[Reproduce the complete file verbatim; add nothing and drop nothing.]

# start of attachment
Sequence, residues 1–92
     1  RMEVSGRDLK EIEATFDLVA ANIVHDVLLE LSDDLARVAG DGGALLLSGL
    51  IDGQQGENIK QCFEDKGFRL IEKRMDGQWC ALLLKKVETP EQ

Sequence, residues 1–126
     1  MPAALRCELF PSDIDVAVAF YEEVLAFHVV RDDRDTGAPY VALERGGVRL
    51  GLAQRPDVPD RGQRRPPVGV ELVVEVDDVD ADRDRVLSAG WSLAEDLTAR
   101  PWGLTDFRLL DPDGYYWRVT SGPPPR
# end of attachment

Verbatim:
Sequence, residues 1–92
     1  RMEVSGRDLK EIEATFDLVA ANIVHDVLLE LSDDLARVAG DGGALLLSGL
    51  IDGQQGENIK QCFEDKGFRL IEKRMDGQWC ALLLKKVETP EQ

Sequence, residues 1–126
     1  MPAALRCELF PSDIDVAVAF YEEVLAFHVV RDDRDTGAPY VALERGGVRL
    51  GLAQRPDVPD RGQRRPPVGV ELVVEVDDVD ADRDRVLSAG WSLAEDLTAR
   101  PWGLTDFRLL DPDGYYWRVT SGPPPR